Suge Knight Unhappy With Drake’s 2Pac Masquerade Verse In “Taylor Made Freestyle”

LOS ANGELES, CA – FEBRUARY 26: Marion “Suge” Knight appears in court for a pretrial hearing at the Clara Shortridge Foltz Criminal Justice Center on February 26, 2016 in Los Angeles, California. Knight is charged with murder and attempted murder after a hit-and-run incident following an argument in a Compton parking lot January 29, 2015. (Photo by Frederick M. Brown/Getty Images)

In a new podcast episode, Suge Knight disapproves of Drake using an AI-generated Tupac Shakur verse to diss West Coast rap star Kendrick Lamar.

During the Collect Call podcast, Suge credits the use of Tupac’s voice in the diss to immaturity but also disapproves of Drake mimicking Snoop Dogg on the same freestyle, suggesting that Snoop aided in Pac’s downfall. Tupac Shakur and Snoop Dogg had unresolved issues with each other before his untimely death in 1996.  

“Young people do what young people do. It’s y’all turn, but regarding the homie Pac, he wasn’t no chump,” Suge tells co-host Dave Mays via collect call. Putting him on a song and dissing Kendrick [Lamar] for everybody’s entertainment—that ain’t how it goes.”

Suge continued: “Then putting him on a song with Snoop, who was a part of his downfall and exit, ain’t ever a good look. ‘Pac was a king on that chessboard. He never was a pawn, so he can’t make him be a pawn now.”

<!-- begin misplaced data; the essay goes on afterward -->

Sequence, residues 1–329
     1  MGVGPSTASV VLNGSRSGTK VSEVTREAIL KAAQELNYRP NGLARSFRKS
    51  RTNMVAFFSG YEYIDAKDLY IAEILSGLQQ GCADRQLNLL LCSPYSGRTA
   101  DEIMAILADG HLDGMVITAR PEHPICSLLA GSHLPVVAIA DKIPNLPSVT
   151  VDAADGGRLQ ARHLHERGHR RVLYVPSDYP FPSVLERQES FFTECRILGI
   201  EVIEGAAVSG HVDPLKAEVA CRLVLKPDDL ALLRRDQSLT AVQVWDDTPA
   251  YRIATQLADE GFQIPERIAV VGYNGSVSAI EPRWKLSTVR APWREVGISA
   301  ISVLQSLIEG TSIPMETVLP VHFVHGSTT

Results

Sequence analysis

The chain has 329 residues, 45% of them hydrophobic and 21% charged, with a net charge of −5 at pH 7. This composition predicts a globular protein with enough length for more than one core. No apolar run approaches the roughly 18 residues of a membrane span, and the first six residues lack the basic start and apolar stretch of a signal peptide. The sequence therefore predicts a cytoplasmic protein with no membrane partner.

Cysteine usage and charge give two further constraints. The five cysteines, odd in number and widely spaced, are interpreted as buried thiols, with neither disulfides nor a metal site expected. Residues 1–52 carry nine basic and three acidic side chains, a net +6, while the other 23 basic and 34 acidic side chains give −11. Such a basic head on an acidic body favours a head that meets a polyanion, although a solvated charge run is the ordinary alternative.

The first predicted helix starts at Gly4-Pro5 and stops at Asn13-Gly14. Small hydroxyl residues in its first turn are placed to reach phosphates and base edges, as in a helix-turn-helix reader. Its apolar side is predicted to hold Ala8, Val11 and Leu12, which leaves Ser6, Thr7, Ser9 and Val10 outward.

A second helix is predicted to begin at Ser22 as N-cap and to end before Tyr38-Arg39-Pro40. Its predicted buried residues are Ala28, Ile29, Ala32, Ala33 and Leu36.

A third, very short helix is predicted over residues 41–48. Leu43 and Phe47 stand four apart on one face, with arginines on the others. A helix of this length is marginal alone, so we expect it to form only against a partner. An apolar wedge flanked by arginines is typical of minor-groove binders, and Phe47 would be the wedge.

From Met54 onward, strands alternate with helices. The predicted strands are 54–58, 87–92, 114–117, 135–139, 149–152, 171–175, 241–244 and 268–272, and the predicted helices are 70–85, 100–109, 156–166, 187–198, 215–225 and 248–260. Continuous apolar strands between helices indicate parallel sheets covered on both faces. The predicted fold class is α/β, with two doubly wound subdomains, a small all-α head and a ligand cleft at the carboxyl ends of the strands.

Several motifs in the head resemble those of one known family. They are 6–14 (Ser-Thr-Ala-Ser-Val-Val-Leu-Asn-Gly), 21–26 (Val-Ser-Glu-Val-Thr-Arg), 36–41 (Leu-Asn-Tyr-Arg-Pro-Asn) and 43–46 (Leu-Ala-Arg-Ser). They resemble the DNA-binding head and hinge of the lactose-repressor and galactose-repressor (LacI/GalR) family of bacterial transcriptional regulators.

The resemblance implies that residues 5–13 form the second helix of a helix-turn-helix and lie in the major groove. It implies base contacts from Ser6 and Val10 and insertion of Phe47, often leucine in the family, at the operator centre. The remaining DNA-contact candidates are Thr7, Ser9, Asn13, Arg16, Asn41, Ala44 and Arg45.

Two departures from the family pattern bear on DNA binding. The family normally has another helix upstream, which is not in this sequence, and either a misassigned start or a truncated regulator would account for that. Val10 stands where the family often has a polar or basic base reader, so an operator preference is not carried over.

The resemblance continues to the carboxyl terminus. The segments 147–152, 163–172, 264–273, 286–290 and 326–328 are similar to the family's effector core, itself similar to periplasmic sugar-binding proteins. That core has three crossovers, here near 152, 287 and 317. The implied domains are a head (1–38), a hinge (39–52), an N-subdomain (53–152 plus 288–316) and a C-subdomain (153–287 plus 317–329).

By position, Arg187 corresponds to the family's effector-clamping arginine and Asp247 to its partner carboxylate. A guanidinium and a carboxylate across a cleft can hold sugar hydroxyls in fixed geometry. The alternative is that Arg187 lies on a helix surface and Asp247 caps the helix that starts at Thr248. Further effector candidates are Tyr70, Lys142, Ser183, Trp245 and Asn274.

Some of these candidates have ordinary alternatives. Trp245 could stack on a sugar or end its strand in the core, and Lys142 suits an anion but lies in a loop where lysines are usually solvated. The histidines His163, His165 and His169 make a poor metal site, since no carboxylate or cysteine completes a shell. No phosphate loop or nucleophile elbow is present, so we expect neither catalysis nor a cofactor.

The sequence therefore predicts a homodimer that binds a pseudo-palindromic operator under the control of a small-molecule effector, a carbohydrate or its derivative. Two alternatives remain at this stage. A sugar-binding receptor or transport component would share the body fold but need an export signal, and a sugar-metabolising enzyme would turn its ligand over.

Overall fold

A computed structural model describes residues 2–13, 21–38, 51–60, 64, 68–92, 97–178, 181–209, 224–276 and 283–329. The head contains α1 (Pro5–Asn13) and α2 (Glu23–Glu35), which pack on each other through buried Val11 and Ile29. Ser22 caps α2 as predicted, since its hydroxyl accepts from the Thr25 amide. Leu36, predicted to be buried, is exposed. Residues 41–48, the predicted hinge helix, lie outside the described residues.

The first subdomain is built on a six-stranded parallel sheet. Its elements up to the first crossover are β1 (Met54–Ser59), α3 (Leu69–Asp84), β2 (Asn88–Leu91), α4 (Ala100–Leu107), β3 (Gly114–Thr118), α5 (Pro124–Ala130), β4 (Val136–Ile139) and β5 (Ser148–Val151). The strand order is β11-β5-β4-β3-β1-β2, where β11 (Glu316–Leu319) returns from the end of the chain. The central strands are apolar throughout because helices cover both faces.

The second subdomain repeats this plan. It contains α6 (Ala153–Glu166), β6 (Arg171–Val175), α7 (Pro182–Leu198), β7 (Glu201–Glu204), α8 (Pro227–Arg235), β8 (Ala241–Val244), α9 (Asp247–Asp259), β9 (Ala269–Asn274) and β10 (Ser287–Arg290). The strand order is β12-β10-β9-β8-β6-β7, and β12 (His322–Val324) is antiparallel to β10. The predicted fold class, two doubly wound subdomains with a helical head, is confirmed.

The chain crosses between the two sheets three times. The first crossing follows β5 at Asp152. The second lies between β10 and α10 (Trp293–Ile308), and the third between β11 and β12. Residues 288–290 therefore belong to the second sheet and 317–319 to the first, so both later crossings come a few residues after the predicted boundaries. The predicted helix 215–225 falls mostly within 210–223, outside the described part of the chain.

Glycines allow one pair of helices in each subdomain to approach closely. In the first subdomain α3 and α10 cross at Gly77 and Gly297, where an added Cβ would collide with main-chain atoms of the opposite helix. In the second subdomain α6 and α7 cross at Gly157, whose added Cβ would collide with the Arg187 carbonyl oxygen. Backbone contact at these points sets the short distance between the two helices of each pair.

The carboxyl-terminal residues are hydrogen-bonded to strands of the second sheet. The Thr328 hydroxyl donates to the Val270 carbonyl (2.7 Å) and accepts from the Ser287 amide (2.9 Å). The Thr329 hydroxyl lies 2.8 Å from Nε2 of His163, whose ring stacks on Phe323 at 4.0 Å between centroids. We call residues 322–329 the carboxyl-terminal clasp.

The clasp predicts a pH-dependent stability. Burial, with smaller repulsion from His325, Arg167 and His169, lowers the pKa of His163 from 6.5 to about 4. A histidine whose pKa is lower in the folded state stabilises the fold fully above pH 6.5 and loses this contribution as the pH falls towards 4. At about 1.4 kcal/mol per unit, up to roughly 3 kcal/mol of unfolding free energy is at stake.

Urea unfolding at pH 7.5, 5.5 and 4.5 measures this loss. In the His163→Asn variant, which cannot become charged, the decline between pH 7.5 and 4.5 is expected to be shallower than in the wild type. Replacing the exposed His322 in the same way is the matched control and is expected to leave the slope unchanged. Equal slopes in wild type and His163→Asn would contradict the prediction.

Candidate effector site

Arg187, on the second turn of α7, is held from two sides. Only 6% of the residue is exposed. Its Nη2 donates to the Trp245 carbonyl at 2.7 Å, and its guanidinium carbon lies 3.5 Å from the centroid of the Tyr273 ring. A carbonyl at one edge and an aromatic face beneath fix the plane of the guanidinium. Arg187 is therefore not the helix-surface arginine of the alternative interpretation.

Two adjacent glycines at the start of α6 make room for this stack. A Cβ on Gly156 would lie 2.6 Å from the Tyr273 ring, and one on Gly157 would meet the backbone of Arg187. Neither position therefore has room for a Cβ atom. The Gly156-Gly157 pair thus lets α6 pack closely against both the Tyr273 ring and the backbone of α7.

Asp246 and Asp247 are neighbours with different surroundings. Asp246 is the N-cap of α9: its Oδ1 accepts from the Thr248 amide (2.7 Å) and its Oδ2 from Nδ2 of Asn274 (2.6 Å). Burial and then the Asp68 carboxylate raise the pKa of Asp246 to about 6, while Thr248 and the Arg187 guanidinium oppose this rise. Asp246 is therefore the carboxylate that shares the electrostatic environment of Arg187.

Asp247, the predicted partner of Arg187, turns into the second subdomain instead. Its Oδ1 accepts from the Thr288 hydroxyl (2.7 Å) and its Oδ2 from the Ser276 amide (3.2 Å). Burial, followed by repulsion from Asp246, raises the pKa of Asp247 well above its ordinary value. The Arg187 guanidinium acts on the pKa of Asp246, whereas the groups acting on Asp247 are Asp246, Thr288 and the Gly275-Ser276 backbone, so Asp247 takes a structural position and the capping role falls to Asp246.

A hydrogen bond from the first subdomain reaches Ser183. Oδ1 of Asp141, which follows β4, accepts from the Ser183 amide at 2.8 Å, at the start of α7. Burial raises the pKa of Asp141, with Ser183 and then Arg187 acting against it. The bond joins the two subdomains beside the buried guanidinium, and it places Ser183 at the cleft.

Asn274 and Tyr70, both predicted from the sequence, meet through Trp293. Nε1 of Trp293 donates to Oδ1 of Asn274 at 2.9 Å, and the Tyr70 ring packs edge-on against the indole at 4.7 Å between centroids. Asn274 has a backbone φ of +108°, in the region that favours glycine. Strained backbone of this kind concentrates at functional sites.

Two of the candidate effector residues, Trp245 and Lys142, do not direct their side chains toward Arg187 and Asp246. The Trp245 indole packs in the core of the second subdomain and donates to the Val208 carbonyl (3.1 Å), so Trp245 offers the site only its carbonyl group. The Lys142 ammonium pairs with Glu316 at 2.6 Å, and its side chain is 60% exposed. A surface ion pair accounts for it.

Suge and Snoop’s beef is unknown. Suge wants to talk to Snoop, who acquired the Death Row label in 2022.

“I really, really, really gotta have a real conversation with Snoop,” Knight said in a November 2023 episode of the podcast. “I knew that ‘Pac did everything right by him by putting him on All Eyez On Me, speaking about him, and being real with him. And if it’s true what they say, face-to-face it’s gonna be a lot of explaining to do.”

Snoop Dogg responded to Drake’s “Taylor Made Freestyle” over the weekend via Instagram. The legend appeared confused and unwarranted about the feature dissing a fellow West Coast rapper. 

“They did what? When? How? Are you sure? [Sigh] Y’all have a good night,” he said in a brief Instagram clip. “Why everybody calling my phone, blowing me up? What the fuck— what happened? What’s going on? I’m going back to bed. Good night.”

Mopreme Shakur, Tupac’s brother, said using Tupac’s voice for a rap battle was too much. Mopreme told TMZ Hip Hop, “Drake using Pac’s voice is like bringing out a tank, or even going with a nuclear option — and he thinks the battle should be 1-on-1 … with no outside help.”

Mopreme disapproves of Drake pretending to be Tupac but approves of Kendrick using a modified Tupac interview in his album, To Pimp A Butterfly, as it paid homage. “Using Tupac for beef is not okay,” says Mopreme. Of course, love hearing my brother’s voice … just not in a battle.”